Thune columns miss the mark


Speakout

U.S. Sen. John Thune’s recent guest columns appearing in The Brookings Register warrant responses. In the first recent column he argued that “Defund the Police” policies are responsible for the surge in urban gun violence our nation is experiencing and in the second column he argued that recent popular safety net spending measures approved exclusively by Democratic members of the U.S. House and Senate are responsible for the inflation that our nation is experiencing.

With respect to “Defund the Police” it is important to know that it is much more a slogan of civil rights interest groups that it is an actual policy in major U.S. cities experiencing the surge. It is also important to know that President Biden and the Democratic leadership of the U.S. House and Senate have never endorsed “Defund the Police “as a public policy. 

The surge in gun violence has much more to do with the surge of semiautomatic and automatic gun manufacturing and sales in the U.S. than anything else. As the number of these weapons of war become more available in our marketplace, the more likely it is that these weapons will become available to criminals and persons with mental health challenges resulting in a surge of gun violence. This logic has long evaded Thune and his GOP colleagues who continue to insist that easy access to weapons of war is not related to gun violence. You need only to ponder a surge in gun violence in the absence of guns to appreciate the weakness of Thune’s belief.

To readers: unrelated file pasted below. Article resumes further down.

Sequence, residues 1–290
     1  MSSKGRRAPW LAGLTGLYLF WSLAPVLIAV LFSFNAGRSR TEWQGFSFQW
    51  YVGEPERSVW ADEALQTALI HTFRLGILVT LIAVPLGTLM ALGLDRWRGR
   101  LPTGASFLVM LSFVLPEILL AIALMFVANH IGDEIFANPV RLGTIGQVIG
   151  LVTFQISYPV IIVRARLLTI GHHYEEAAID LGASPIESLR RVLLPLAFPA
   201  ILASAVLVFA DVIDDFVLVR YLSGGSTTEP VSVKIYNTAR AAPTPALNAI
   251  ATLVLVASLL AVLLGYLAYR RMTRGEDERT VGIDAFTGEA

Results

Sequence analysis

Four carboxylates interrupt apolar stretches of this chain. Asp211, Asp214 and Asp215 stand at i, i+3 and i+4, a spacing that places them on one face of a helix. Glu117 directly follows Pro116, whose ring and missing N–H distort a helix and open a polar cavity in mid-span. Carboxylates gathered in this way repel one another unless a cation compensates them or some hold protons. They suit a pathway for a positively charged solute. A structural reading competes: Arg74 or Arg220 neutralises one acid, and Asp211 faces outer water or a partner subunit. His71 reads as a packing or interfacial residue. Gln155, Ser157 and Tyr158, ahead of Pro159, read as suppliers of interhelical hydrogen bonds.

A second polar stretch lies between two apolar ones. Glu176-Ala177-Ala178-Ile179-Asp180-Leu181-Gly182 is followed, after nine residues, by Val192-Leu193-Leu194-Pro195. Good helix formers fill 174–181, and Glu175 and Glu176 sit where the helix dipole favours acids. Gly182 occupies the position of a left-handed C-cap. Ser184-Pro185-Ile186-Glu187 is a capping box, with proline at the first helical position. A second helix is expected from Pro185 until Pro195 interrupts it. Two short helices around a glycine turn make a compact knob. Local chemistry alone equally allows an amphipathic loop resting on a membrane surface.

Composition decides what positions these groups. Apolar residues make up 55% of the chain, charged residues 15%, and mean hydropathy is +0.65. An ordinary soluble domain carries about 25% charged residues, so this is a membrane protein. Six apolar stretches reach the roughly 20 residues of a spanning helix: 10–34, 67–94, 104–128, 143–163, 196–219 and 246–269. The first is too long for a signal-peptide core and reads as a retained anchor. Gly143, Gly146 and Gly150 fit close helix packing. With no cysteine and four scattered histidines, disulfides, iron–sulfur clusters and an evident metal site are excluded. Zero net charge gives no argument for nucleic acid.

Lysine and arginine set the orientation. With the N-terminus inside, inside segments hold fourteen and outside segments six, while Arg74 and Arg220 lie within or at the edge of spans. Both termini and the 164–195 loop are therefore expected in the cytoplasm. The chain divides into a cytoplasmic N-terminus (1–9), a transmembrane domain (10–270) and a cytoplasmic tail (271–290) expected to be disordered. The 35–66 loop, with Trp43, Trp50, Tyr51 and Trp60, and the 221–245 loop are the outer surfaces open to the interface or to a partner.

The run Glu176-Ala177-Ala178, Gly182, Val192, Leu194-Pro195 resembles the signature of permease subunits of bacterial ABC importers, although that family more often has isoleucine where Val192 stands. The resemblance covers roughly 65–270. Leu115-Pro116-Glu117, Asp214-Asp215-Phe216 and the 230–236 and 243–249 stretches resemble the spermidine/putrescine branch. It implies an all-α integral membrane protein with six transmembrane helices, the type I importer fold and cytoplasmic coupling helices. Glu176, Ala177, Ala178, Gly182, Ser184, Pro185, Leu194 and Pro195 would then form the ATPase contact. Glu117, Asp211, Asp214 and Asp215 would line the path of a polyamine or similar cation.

With respect to Thune’s second column regarding the cause of the current increase in inflation in our national economy. 

I find it amusing that Thune is now concerned about how federal fiscal policy might impact our economy and the federal debt when no concern was shown when he and his colleagues approved a trillion dollar tax cut that primarily benefited corporate America and the very wealthy. Serious economists recognize that our national economy is huge and complex and simplistic explanations for the current state of the economy fail to recognize these facts. 

While the very popular increased federal government transfer payments to businesses including farmers, local and state governments and low income Americans can be expected to result in increased spending or demand in our economy, other factors also need to be weighed. The pandemic economic shutdown and Trump tariff policies resulted in major disruptions in our raw goods and finished goods supply routes leading to supply shortages. When the economy began to open again following the vaccination of adults willing to be vaccinated, there was a surge in consumer demand at the same time that goods could not be produced and delivered and price increases resulted. Most economists believe that the current increase in inflation will be resolved as we solve our supply route issues.

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